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  5. Well I see the fat lady really is singing.

    Her last name is definitely German.

    I like Renee Fleming.

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    1. I think most of us would like Renee Fleming even slinging hash on Wells Street.

      John

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  6. A-N-A, ah Astral weeks, love Van Morrison's music

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    1. I know - I don't get what I'm missing! Every year I pull the album out (first vinyl, then I even bought it on CD) and each year I'm frustrated that I don't find it immensely beautiful like Bangs and so many others. Then I play "Jackie Wilson Said" and my Van Morrison world is set right.

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    2. JW said isn't bad, but not one of my faves of his.

      Vinyl? you must be older than I thought

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    3. And it stoned me from Moondance is a good one . Now this is a fun conversation.

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  7. anon not anon- You can't even give a small compliment or be agreeable without adding a zinger. How insufferably arrogant you are. You must be insecure deep down to always be having to look down your nose on everything. If you are so smart, learn a bit of humility too.

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    1. You may be right - I was going to compliment your spelling, but you did leave the dashes out of my moniker...

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    2. We can't all be humble and lovable. (Which indicates the level of my cultural depth.). But seriously, why lower yourself to personal criticism rather than taking issue with the actual statements made?

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  8. Oh, Tupelo Honey, Into the mystic, great stuff. Who else is a VM fan here?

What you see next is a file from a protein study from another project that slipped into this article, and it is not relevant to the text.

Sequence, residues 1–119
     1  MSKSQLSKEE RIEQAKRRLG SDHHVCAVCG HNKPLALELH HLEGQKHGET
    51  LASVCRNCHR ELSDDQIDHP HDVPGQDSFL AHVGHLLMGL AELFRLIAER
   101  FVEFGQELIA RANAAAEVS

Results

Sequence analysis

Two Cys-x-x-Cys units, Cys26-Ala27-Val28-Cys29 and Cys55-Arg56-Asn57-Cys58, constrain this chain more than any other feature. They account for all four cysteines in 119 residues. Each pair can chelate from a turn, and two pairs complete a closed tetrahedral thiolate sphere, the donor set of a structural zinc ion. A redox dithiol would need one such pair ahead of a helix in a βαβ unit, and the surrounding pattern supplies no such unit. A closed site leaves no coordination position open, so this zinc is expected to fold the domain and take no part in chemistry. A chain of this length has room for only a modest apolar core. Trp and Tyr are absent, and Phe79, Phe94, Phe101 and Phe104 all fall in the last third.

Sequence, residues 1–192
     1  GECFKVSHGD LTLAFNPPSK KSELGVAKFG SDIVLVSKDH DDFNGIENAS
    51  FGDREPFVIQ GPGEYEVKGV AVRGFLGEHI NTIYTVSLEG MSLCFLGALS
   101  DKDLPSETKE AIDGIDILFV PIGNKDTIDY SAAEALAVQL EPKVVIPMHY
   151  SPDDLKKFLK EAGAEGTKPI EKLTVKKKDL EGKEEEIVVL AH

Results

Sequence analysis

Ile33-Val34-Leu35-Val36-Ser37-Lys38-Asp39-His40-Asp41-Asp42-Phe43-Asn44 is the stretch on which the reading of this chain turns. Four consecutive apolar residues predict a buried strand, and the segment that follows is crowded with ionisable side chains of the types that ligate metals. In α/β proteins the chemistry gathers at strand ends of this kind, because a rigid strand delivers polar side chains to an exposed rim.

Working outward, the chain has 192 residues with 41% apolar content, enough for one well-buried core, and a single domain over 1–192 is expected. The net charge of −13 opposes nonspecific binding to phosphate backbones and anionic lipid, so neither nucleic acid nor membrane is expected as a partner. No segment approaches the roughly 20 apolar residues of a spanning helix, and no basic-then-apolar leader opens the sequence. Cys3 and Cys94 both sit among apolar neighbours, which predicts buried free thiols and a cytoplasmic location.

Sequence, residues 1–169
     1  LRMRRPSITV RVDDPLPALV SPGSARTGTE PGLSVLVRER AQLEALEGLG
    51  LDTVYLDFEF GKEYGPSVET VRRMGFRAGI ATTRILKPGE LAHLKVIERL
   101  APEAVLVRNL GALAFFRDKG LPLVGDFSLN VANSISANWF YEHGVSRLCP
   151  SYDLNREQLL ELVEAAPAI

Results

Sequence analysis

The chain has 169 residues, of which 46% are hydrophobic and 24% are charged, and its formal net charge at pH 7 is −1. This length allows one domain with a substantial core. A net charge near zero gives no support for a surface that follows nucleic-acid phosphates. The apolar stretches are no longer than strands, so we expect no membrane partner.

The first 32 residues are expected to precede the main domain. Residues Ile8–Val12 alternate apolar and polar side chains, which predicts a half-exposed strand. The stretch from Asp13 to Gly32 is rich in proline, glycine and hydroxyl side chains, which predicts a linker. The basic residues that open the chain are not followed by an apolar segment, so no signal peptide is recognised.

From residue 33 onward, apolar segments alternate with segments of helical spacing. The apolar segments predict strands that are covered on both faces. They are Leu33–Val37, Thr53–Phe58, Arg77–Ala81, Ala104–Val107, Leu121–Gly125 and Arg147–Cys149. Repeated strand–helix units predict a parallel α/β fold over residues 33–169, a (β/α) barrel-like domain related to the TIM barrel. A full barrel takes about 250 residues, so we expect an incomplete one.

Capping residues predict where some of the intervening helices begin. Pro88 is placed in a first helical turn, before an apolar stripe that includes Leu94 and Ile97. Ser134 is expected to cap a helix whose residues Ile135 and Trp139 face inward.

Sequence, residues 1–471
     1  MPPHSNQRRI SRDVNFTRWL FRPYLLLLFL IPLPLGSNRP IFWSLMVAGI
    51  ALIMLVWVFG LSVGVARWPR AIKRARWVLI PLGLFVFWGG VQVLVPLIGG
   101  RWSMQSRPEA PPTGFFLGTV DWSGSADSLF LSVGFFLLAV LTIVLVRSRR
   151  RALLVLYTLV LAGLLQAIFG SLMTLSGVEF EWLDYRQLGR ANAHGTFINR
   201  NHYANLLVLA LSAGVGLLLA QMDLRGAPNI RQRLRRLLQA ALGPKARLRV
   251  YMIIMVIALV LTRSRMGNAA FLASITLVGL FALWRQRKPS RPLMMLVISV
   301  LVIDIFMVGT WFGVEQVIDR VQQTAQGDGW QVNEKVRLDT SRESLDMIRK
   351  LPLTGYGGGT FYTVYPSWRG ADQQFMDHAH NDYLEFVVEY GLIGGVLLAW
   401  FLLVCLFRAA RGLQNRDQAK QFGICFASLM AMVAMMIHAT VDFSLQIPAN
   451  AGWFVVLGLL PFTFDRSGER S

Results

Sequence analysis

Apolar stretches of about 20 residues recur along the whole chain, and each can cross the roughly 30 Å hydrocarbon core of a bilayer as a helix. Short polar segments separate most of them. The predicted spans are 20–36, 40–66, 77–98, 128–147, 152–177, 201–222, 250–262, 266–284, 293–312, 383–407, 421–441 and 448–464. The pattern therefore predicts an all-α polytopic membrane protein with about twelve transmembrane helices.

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  9. Neil, You should do a blog article on your fave pop music.

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    1. I was thinking of that, a week on my favorite singers. They're an eclectic mix. The last two musical acts I actually bought tickets to see were, I believe, Montgomery Gentry and Tom Waits.

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    2. Gentry? never figured you to like country music

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    3. What classic rock era bands do you like?

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    4. A magazine had me interview Loretta Lynn once, and in doing my due diligence I had to listen to her music, which I liked. Then taking the family to Nashville, we of course went to the Opry, and MG was playing. Smart songs.

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  10. When Maria Callas sang for the first time at the Met, the New York papers headlined, "Maria Callas makes her American debut!"

    When someone pointed out that she had in fact sung the previous year at the Lyric, their attitude was, "It doesn't happen until it happens in New York."

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    1. ah those snobbish New Yorkers

      Scribe, you must be older than I thought

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    2. Not quite. I heard that story from my mother.

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  11. I never dreamed I would try attending an opera, but after experiencing "Carmen" at the Lyric a few years ago I ended up subscribing. Christine Goerke in Elektra was amazing; she actually startled me with her powerfully dramatic presence and singing.

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  12. Oh I see above a pic of Rahm in school. Funny, he doesn't want to pay the teachers more, he's almost as anti union as Rauner. And for his inaug, he side stepped the pension speech by talking about schools. He's still better than Daley of course.

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Thanks for commenting. As soon as I vet your remarks, they'll be posted, assuming they aren't, you know, mean and crazy.